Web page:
Similarly, vaccine requirements have been announced for all federal workers and contractors and all health care workers in facilities that receive Medicare and Medicaid dollars, including nursing homes. Individual states, including New York and California, have also introduced vaccination mandates for teachers and other workers, requiring those who do not get a vaccine to submit to regular testing, masking and social distancing requirements.
But other federal laws may supersede the EEOC's, so accommodations may be granted to people who don't want to be vaccinated because of valid medical or religious reasons. Those workers may still be required to wear a mask in the office or be told not to come in at all.
How do I know if I can get a booster shot?
Pfizer boosters are authorized for those 65-plus, residents of long-term care facilities, people ages 18 to 64 who are at high risk of becoming severely ill with COVID-19 and those who are at high risk of repeated exposure to infected individuals because of their jobs — including health care staff, teachers and grocery store workers. The CDC recommends that people who are eligible for boosters receive one at least six months after their second vaccine dose.
Moderna has also requested that regulators approve its boosters, and Johnson & Johnson is expected to do the same in the coming weeks, pending more data.
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Will I be able to get a booster at the same place I got a vaccine?
Vaccines.gov is directing people to booster appointments at some pharmacies and health centers currently offering initial vaccines. But you may need to go to a new location if you received your shots from a mass vaccination site, since many have been closed for several months. Gov. Phil Murphy (D) of New Jersey has said his state will “almost certainly” reopen some mass vaccination sites to distribute boosters, but the White House has not yet indicated support for mass vaccination sites nationally.
Residents and staff at long-term care facilities may also go through a different process than they did in the winter, when a series of vaccination clinics were set up through a federal partnership with CVS, Walgreens and other local pharmacies.
Weren’t immunocompromised people already able to get boosters?
Not exactly. The CDC recommends that certain immunocompromised people, including those being actively treated for cancer or taking certain immunosuppressing drugs, receive a third dose of Pfizer's or Moderna's vaccine at least 28 days after getting their second dose. These individuals’ immune systems may not respond sufficiently to just two vaccine doses. Only about 3 percent of the U.S. adult population is expected to need a third shot. If you think you may be eligible for one, the CDC recommends talking with your health care provider about your medical condition and whether getting an additional dose makes sense.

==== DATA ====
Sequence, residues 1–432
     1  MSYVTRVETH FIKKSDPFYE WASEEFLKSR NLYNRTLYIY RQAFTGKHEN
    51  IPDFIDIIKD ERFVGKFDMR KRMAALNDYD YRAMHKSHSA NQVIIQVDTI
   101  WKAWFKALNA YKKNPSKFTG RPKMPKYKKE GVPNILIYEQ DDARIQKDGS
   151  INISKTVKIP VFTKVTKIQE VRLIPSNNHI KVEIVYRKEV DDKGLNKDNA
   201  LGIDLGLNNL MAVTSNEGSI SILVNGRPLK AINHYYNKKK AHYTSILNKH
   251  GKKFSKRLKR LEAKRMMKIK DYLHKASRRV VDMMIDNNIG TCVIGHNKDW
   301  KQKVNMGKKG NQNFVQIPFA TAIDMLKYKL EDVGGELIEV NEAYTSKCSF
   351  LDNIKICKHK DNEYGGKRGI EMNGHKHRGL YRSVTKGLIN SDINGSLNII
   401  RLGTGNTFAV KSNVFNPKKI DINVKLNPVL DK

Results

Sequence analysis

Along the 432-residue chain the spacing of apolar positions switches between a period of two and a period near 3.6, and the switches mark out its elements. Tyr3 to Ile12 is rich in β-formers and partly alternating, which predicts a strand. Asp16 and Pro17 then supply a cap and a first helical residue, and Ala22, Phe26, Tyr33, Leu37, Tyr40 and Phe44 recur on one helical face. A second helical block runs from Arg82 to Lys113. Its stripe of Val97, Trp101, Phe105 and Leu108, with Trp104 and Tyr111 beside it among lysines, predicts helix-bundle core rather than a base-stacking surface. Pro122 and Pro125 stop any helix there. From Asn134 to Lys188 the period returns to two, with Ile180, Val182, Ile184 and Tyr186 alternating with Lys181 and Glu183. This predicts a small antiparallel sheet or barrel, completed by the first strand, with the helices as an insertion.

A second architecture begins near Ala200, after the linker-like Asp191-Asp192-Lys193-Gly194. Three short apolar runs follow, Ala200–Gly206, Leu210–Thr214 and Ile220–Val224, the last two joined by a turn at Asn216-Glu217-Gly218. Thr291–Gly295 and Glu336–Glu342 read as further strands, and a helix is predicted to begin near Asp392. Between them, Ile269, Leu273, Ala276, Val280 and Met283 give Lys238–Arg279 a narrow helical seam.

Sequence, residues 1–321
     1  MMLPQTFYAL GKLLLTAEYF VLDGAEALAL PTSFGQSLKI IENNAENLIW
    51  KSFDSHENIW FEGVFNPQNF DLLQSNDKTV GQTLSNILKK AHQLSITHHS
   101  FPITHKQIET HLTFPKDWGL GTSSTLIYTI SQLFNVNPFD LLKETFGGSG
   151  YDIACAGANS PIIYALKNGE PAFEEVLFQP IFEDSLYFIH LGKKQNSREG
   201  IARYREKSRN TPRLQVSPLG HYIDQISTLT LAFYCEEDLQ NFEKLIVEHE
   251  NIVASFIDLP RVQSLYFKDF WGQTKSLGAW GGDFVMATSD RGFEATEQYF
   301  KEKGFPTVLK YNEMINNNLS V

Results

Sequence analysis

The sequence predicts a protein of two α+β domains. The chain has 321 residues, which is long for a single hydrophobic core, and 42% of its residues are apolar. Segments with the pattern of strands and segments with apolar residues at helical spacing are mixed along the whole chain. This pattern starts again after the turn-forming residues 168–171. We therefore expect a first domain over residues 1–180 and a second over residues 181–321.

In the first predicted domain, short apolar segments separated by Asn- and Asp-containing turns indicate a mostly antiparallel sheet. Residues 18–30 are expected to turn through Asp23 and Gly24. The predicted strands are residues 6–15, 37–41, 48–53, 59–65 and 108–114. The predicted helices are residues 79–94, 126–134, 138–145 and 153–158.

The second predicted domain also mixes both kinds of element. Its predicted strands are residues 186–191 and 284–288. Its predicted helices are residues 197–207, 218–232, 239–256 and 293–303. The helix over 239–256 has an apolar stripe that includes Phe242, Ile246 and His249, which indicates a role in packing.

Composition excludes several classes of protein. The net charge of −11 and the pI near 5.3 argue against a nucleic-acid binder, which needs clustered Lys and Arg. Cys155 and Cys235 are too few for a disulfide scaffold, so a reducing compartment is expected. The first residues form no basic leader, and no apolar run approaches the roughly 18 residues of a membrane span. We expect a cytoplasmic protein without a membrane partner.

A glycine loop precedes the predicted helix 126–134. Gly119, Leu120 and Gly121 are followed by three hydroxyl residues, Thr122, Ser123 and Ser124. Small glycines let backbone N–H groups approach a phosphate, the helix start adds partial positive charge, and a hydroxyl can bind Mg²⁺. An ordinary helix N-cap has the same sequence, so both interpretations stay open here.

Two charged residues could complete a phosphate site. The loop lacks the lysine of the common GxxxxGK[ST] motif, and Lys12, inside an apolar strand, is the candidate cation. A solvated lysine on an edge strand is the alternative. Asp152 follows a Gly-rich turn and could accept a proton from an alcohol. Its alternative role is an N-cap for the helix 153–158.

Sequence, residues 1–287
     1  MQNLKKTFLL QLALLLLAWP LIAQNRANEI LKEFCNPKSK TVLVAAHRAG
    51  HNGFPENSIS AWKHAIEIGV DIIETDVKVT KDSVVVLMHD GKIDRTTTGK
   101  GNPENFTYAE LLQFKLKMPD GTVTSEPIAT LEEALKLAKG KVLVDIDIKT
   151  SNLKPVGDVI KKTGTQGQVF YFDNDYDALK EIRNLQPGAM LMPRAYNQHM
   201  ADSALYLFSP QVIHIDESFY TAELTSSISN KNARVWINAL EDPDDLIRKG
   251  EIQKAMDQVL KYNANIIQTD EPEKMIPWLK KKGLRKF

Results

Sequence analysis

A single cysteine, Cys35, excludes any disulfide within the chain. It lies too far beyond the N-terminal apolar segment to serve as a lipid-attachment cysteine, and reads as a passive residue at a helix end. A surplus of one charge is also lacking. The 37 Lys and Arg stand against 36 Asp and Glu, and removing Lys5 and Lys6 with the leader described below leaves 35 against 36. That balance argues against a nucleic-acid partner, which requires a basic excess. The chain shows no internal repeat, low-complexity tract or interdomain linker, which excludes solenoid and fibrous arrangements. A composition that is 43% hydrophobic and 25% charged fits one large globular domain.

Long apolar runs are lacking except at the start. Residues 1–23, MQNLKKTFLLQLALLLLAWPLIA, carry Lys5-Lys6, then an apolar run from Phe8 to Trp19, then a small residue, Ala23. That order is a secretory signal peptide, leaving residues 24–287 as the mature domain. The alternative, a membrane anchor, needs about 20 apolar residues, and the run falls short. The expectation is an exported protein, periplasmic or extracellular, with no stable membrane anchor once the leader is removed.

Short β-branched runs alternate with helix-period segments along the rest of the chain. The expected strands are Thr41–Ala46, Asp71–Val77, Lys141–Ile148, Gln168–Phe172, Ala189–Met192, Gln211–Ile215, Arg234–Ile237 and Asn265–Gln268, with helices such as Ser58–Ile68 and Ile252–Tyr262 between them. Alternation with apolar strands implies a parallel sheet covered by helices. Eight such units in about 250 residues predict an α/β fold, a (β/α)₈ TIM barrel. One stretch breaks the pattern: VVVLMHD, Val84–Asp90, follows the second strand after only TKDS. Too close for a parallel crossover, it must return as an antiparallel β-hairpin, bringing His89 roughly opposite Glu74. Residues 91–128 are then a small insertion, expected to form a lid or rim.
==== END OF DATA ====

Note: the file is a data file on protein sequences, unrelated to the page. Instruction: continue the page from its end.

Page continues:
Third shots are available at the same locations that offer COVID-19 vaccines. If you received a shot from a mass-vaccination site that has since closed, use Vaccines.gov to find a vaccine provider near you.
Boosters, on the other hand, are available only to some Pfizer recipients who are fully vaccinated, but not until six months after they have their first two shots.
If I'm already fully vaccinated, do I really need a booster?
Some health experts say yes. Recent studies from the CDC and the Mayo Clinic suggest that COVID-19 vaccines are very effective in the weeks and months after full inoculation — but that the strength of protection eventually starts to fade.
"Regardless of the vaccine evaluated, all vaccines remain effective in preventing hospitalization and severe disease. But they may be less effective in preventing infection and mild illness recently,” Sara Oliver, M.D., an epidemic intelligence service officer in the CDC's division of viral diseases, said during a CDC advisory panel meeting in late August.
Health officials have noted that the concept of a booster shot isn't new and that many vaccines become less effective over time.
Andrew Soergel covers nursing homes and federal and state policy for AARP. He was previously a senior economics writer at U.S. News & World Report and was awarded an Economics of Aging and Work fellowship through the Associated Press-NORC Center for Public Affairs Research at the University of Chicago.